Predictive algorithms have been aiding us for years (see several of Google’s products, for instance) under the guise of making our lives easier by helping us make decisions.
But when do predictive algorithms cross the ethical line? Recently more jurisdictions at the state and local levels in the US have been buying software products from companies that use such algorithms along with data mining to make decisions that could have irreversible impacts on individuals and communities — such as determining jail sentences and predicting public policies.
This growing power has several people in the tech space worried, including Hany Farid, a professor of computer science at Dartmouth College. Farid recently co-published in the journal Science Advances a paper that revealed the findings after examining one such predictive algorithm tool that is used to predict recidivism risk, or the likelihood that criminals will commit another crime. The co-author was Julia Dressel, an undergraduate at Dartmouth who based her thesis around the research.
Farid says that since the inception of the algorithm programs in courtrooms more than a million people have been analyzed with them. Although Farid does not object to artificial intelligence (AI) as a whole, he does raise a red flag with the lack of transparency in the predictive process that these private companies are currently allowed to hide under, covered under the veil of proprietary information.
“I think perhaps one of the most important things, before we talk about efficacy, accuracy and fairness, is that this is a commercial entity and the details of the algorithm are very tightly kept secret,” Farid says. “So, these decisions are being made inside of a black box where we don't know what is actually happening and I think, ... given the stakes here, that should be a little concerning to us."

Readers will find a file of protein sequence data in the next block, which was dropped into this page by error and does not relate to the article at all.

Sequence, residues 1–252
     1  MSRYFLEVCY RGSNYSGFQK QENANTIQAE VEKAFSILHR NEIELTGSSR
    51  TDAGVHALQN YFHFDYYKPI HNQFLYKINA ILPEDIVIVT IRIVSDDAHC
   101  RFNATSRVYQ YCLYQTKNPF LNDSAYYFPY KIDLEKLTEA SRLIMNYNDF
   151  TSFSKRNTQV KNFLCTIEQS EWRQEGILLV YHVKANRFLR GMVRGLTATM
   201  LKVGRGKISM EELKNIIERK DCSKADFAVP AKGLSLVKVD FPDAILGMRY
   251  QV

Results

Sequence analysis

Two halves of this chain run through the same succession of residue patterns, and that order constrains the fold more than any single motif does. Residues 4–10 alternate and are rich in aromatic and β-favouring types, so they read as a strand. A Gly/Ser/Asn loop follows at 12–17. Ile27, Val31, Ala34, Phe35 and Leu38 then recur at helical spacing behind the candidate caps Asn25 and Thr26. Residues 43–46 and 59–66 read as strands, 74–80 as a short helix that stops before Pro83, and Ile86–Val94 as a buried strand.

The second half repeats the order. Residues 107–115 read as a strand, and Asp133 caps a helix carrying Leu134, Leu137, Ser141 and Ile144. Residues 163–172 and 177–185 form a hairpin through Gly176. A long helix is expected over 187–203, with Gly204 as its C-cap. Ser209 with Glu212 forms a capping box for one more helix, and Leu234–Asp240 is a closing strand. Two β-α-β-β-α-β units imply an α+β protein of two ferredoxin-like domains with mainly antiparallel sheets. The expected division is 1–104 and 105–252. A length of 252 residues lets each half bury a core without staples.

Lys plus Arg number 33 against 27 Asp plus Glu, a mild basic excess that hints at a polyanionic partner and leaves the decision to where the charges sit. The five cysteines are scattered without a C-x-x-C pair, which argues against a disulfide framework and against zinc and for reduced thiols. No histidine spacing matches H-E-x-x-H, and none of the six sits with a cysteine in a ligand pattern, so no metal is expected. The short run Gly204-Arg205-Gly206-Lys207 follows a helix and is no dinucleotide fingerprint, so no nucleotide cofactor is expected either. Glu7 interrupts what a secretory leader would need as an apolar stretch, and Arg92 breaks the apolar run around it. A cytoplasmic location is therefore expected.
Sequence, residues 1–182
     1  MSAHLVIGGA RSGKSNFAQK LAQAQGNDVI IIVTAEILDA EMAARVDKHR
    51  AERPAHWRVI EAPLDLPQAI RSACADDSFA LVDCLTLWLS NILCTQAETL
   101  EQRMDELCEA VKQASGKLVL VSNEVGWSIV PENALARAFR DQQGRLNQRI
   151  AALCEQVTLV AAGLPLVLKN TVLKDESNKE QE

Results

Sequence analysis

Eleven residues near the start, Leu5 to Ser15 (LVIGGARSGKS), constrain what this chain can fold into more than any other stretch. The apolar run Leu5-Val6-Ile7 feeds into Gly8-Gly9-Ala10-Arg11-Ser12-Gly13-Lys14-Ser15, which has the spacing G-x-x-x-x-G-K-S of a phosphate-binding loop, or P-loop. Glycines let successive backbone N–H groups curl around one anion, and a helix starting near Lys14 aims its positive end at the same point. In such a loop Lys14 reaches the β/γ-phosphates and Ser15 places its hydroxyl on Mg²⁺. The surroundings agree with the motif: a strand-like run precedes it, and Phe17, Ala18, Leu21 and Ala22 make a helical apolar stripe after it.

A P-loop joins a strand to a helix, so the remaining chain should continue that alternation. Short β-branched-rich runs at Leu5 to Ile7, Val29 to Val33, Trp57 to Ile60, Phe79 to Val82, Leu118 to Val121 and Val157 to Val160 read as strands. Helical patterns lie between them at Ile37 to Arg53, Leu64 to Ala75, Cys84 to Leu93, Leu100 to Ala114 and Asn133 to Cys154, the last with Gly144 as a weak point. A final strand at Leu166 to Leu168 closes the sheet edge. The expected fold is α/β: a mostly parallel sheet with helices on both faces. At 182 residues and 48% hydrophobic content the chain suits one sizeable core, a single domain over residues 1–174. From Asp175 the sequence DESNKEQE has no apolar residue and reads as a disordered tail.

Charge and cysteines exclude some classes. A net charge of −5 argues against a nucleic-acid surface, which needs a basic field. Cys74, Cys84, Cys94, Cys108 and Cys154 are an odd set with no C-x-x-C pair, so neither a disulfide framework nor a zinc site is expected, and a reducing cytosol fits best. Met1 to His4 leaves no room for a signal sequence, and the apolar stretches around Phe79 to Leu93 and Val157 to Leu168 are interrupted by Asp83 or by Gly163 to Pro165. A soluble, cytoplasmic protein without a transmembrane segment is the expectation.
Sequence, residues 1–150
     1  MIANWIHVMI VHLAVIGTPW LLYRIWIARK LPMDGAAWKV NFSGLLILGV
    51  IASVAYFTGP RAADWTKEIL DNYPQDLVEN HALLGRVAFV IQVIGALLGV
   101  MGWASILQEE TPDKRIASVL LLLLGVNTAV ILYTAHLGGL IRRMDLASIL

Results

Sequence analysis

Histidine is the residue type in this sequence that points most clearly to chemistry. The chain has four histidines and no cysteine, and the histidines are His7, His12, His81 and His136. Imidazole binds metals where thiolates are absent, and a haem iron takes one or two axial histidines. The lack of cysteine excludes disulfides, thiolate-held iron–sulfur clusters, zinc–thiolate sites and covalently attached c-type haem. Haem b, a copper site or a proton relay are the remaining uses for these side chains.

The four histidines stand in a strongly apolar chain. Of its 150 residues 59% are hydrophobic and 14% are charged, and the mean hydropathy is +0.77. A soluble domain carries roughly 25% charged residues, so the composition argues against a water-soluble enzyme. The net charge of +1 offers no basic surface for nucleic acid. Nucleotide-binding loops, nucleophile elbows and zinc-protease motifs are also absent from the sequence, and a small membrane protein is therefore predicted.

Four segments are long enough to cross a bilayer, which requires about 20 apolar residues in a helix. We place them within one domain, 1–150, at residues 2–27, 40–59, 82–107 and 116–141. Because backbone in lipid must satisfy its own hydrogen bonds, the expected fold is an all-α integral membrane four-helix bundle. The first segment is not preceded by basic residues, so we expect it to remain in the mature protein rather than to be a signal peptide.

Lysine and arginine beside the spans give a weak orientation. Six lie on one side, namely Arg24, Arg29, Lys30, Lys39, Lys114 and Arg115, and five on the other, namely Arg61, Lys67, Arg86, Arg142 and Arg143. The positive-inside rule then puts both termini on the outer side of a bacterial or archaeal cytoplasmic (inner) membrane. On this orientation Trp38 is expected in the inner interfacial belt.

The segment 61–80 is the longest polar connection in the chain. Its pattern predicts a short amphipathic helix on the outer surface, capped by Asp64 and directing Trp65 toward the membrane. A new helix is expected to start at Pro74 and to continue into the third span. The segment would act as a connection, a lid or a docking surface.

Farid and Dressel found the program they examined had an accuracy rating of 65 percent — which, to their surprise, ended up being as good as the rate that resulted after polling 400 people online using Amazon’s Mechanical Turk crowdsourcing marketplace. The people paid a dollar to answer 50 questions after seeing a short paragraph about the defendant.
“They know nothing else,” Farid says. “And they're basically as accurate as the software."
The researchers began their studies by plugging in the simplest possible learning classification system algorithm when it comes to law, which takes into account two factors: how old defendants are and how many convictions they have had. In what is probably not a surprise, defendants who are young and have committed several crimes are at the high-risk end of the spectrum, with older defendants with fewer convictions on the other end.
What was a bit more eye-opening was that the number of prior convictions was a proxy for race, taking away any notion that algorithms could be race-blind, Farid says.